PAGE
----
Saturday, June 27, 2009

Frameline 33 (SF LGBT Film Festival, 2009) - Day 11 (Closing Night)

Frameline 33: San Francisco International LGBT Film Festival, the world’s premiere showcase for lesbian, gay, bisexual and transgender cinema, runs June 18-28, 2009, with screenings in San Francisco at the historic Castro Theatre, Roxie Theater and the Victoria Theatre, and in Berkeley at Rialto Cinemas Elmwood. Tickets are available via the website 24 hours a day, via fax, or in person at the Frameline Festival Box Office Counter.

ANOTHERWORLD (dir. Fabiomassimo Lozzi, Italy, 106 Mins.) Though simply described as 43 monologues about being gay in Italy may seem, the impact of the film was breathtaking. Even though a great majority of the pieces are dramatic, if not severe (based on interviews pulled from Antonio Veneziani and Riccardo Reim’s books Pornocuore and I Mignotti), Lozzi’s affirming personal climax was sincerely moving. It is an exceptionally theatrical piece, as it was workshopped on stage, however it breaks free from being stagebound by director Lozzi's imaginative production design and exceptional editing. Not to mention, the 50+ actors are all gorgeous - there isn't a dawg in the pack! During the Q&A, Lozzi explained that it was a hugely popular project for actors in Rome and that a great many of the performers are television and film stars who wanted to lend their voices to this piece about the cultural and self-imposed oppression of being gay in the Roman Catholic controlled country. Though the material can be exceptionally difficult at points, and the format of all those monologues can seem intimidating, I found it to be a rewarding experience!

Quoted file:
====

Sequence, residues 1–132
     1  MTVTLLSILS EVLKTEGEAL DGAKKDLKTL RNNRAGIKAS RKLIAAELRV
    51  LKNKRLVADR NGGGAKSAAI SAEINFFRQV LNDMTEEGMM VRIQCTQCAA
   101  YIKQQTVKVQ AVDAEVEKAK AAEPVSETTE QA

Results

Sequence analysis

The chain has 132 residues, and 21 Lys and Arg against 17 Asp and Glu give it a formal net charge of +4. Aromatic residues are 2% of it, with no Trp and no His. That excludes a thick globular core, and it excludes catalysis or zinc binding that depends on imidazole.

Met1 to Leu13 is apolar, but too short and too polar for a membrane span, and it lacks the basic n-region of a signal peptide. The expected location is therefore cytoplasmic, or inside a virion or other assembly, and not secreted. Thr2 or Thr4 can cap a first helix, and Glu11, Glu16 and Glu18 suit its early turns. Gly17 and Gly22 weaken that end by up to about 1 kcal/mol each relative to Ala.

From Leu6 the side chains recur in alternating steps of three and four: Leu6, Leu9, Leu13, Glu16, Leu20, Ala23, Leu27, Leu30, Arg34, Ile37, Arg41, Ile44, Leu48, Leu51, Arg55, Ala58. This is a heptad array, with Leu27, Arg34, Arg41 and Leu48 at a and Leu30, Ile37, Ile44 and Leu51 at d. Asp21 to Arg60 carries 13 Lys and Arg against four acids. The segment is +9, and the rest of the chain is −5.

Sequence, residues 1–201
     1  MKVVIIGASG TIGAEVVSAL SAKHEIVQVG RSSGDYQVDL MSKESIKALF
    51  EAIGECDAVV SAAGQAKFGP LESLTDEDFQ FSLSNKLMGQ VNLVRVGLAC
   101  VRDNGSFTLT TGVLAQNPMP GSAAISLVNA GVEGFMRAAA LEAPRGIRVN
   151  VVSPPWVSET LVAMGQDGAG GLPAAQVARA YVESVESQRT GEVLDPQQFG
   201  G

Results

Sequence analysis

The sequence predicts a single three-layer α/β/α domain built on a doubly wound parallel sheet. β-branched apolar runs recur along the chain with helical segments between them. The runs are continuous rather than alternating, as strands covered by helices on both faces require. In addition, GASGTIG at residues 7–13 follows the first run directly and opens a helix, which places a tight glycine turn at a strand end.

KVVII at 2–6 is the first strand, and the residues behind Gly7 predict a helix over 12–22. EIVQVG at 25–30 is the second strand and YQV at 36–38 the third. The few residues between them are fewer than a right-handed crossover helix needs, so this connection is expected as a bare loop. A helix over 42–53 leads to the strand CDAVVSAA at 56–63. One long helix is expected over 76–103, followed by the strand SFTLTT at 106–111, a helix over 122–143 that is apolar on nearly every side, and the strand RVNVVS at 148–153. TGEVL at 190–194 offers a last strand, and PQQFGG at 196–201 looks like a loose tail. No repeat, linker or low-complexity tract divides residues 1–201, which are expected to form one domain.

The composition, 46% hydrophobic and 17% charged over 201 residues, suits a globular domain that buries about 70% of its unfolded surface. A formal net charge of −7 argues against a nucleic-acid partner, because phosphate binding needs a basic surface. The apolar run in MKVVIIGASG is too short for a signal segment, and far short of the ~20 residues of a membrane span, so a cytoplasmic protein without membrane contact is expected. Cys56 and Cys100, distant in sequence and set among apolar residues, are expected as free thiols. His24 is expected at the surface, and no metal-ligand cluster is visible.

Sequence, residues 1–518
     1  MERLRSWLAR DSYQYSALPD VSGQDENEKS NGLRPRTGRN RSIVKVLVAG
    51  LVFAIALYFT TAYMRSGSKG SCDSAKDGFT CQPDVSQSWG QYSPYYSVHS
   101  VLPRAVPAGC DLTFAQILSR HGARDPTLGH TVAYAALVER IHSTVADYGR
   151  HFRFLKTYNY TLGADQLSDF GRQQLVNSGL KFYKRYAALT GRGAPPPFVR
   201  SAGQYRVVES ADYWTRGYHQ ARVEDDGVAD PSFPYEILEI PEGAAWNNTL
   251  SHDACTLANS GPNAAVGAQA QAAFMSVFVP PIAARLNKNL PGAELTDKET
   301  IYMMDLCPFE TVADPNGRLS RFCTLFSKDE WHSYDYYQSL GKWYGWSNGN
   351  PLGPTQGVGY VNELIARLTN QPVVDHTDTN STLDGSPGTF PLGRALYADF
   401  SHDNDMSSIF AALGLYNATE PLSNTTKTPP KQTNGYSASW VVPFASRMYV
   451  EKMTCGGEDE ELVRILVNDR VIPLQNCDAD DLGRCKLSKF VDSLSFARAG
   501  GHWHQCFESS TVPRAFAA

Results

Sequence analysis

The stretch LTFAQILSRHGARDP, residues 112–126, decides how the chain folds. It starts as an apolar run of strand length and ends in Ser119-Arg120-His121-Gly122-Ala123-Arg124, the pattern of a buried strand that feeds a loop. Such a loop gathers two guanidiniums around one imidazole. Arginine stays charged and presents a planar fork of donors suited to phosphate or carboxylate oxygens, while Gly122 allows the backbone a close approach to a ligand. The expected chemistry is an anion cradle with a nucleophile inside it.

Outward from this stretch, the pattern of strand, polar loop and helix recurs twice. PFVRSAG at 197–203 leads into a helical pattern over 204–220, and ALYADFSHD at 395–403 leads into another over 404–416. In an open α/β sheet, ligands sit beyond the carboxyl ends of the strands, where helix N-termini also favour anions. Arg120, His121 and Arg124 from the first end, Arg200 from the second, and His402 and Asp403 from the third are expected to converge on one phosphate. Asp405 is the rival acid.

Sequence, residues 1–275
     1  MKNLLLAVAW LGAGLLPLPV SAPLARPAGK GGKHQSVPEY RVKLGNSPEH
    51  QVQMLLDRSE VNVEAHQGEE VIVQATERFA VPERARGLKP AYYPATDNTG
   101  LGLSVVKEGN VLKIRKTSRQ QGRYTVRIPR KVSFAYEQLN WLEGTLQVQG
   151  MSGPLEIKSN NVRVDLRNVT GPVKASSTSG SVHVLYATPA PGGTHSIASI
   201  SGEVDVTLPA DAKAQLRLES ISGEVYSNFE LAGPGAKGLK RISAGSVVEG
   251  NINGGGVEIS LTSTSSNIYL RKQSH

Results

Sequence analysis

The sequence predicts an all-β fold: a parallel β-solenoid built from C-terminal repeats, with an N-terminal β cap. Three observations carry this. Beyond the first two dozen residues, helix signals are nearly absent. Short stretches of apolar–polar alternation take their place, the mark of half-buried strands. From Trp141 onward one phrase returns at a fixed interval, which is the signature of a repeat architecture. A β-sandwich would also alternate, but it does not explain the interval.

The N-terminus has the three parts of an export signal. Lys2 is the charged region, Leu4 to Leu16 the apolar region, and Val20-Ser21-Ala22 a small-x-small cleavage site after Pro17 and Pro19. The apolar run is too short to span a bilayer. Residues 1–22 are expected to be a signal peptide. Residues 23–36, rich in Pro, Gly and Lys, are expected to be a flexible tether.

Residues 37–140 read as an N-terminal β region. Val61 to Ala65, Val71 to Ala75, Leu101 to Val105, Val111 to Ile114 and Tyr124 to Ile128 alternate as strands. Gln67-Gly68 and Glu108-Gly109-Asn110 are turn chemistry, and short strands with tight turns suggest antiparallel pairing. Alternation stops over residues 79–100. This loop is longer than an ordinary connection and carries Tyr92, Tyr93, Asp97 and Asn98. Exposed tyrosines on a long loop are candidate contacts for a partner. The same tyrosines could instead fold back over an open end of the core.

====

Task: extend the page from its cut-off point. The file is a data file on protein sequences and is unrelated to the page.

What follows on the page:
The Official Closing Night program began with a K.C. Adams and Jennifer Morris love-fest for each other and with the audience, which was fully deserved. Mr. Adams appeared even more nervous tonight than during the Opening Night Ceremony. However, that boyish nervousness was actually sort of endearing by the end of this year's fest. Ms. Morris handled the majority of the evening as the pro that she is, as she introduced Wendy Jo Carlton, the director of tonight's film, as well as special guest, Rosie O'Donnell, who was there to support Sharon Gless and give a nifty closing night bit of a stand-up routine. She came off warm and charming and not at all the bulldog that some television producers would have her portrayed. Ah, if only the film had been her equal...

Despite Sharon Gless' great performance, HANNAH FREE (dir. Wendy Jo Carlton, USA, 2009, 90 Mins.) never breaks free from its stagebound roots. In fact, the succession of monologues became tedious, particularly after having just witnessed the film before and how dramatically and cinematically a script could be opened up, even though maintaining the core material. The story here focuses on the last few days of life of a lesbian couple, who are separated by the next-of-kin of one of their families. The conflict there is oversimplified and "preached to the choir" as it were, provoking preanticipated cheers, boos and hisses. Of course, that said, perhaps I am just a bit too cynical, as there were weepy eyes around me by the end. I was just not only NOT moved, but actually a bit annoyed by how over simplification of the speech, the cinematic tehnique and conflict of the drama.

Maxxxxx says
re ANOTHERWORLD: "I love you!"

You can contact Maxxxxx or myself here: JayCBird@AOL.COM

1 comment:

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